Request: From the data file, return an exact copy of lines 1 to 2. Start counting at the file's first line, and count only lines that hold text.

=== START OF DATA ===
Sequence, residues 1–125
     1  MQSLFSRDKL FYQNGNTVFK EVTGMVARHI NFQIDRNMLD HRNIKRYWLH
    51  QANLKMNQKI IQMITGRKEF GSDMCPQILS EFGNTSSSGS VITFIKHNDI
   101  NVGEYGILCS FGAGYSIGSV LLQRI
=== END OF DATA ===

Sequence, residues 1–125
     1  MQSLFSRDKL FYQNGNTVFK EVTGMVARHI NFQIDRNMLD HRNIKRYWLH